The large-scale adoption of wood as a construction material for tall buildings could pave the way for sustainable construction. Its adoption, however, is hindered by a limited understanding of wood's behaviour in a fire. In particular, the effect of oxygen and heat flux on the burning (including pyrolysis) and ignition behaviour of wood is poorly understood. We addressed this gap by studying the effect of oxygen concentration and heat flux on the burning and ignition behaviour of particleboard experimentally and computationally. Particleboard was chosen as a proxy for all woody construction materials. We conducted over 60 experiments in an FPA on samples of particleboard spanning different oxygen concentrations (0–21%), heat fluxes (10–70 kW/m2), sample densities (600–800 kg/m2), and sample thicknesses (6–25 mm). Only the heat flux and oxygen concentration significantly affected the charring rate, time-to-flaming ignition, and burning mode (pyrolysis, smouldering, flaming). To explore this effect further, we used a multi-physics model of particleboard charring developed in Gpyro. Combining the computational and experimental results, we showed that particleboard undergoes only pyrolysis in oxygen concentrations below 4%, smouldering between 4 and 15%, and flaming above 15% at a heat flux of 30 kW/m2. These oxygen concentration thresholds were found to decrease as the heat flux increases. We also showed that smouldering and flaming increases the charring rate by 25 and 37%, respectively. This means that the rate of loss of a section of structural wood, quantified by the charring rate, in a fire due to smouldering is similar to that of flaming combustion. In addition, we noted the existence of a triple point for the ignition of wood at which a slight change in environmental conditions can lead to either smouldering, flaming, or only pyrolysis. In summary, this paper quantified for the first time the contributions of the three modes of burning to the charring rate of wood and highlights the importance of smouldering for timber construction.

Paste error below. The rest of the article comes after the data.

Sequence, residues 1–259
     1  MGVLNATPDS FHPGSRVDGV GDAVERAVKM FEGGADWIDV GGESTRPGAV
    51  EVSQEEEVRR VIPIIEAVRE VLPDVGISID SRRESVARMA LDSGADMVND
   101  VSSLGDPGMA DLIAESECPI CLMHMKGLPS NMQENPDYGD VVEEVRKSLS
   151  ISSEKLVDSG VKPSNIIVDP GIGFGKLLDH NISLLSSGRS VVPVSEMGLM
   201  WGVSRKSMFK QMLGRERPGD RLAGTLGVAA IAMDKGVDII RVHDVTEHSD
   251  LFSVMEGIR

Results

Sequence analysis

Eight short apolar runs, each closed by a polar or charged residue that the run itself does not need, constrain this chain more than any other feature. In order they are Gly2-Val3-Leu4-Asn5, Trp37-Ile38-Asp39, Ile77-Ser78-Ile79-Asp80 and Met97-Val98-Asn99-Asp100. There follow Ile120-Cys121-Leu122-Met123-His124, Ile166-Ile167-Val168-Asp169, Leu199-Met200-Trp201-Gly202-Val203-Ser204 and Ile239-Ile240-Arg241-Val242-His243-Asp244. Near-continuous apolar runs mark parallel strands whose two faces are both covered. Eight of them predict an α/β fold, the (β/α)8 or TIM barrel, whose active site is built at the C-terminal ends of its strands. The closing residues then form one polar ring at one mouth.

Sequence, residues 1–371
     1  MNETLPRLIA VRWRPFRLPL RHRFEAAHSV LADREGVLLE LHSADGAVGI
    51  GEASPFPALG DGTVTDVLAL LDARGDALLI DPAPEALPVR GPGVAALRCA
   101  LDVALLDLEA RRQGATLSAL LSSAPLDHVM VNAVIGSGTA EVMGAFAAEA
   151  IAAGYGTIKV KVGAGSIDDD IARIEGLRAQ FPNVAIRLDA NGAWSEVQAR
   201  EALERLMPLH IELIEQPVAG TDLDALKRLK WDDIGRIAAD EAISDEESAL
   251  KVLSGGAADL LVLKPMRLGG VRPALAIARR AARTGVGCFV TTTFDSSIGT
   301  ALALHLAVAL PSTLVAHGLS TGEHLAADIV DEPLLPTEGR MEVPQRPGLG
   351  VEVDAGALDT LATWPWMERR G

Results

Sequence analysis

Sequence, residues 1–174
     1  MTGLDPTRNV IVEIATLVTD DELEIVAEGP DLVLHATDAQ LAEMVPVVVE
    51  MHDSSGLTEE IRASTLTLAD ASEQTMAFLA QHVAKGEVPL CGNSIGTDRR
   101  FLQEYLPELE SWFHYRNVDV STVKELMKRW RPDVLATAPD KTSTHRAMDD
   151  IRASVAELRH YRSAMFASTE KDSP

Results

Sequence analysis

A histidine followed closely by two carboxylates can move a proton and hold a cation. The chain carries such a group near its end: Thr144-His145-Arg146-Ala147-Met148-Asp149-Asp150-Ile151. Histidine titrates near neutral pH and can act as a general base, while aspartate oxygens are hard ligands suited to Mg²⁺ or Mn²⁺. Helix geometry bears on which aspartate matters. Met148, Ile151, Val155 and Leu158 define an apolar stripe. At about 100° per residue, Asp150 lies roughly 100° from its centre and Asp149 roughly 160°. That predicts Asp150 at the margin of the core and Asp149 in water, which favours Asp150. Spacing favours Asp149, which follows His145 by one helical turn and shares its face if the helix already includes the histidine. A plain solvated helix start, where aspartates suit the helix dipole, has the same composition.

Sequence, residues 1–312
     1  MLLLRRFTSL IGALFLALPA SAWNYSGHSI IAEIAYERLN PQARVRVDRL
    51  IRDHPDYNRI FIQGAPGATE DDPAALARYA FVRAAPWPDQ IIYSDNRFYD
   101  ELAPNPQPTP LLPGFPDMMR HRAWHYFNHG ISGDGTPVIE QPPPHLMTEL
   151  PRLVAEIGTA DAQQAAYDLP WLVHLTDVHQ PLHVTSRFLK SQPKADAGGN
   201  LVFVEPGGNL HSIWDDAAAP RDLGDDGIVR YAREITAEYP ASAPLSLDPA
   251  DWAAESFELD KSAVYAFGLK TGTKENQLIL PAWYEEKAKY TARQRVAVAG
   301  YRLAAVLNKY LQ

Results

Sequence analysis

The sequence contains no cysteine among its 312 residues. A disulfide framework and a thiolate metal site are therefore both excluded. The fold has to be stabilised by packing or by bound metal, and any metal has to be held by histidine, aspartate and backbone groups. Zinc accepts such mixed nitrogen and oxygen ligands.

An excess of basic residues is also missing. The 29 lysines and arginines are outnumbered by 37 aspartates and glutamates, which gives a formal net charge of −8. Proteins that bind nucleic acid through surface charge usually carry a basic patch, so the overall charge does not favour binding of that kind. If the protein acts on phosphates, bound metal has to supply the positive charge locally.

|Journal||Combustion and Flame|
|Publication status||Published - Dec 2021|
ASJC Scopus subject areas
- Chemical Engineering(all)
- Fuel Technology
- Energy Engineering and Power Technology
- Physics and Astronomy(all)